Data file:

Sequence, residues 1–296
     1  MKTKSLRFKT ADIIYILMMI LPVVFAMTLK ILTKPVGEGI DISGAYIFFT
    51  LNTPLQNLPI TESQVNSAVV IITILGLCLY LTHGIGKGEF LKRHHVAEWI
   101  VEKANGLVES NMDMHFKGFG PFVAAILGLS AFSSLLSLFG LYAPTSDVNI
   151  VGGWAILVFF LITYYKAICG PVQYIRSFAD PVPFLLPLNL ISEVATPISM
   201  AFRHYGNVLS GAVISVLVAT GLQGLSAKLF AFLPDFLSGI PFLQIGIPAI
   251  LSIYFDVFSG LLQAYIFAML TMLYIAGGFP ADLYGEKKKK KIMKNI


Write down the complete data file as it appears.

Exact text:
Sequence, residues 1–296
     1  MKTKSLRFKT ADIIYILMMI LPVVFAMTLK ILTKPVGEGI DISGAYIFFT
    51  LNTPLQNLPI TESQVNSAVV IITILGLCLY LTHGIGKGEF LKRHHVAEWI
   101  VEKANGLVES NMDMHFKGFG PFVAAILGLS AFSSLLSLFG LYAPTSDVNI
   151  VGGWAILVFF LITYYKAICG PVQYIRSFAD PVPFLLPLNL ISEVATPISM
   201  AFRHYGNVLS GAVISVLVAT GLQGLSAKLF AFLPDFLSGI PFLQIGIPAI
   251  LSIYFDVFSG LLQAYIFAML TMLYIAGGFP ADLYGEKKKK KIMKNI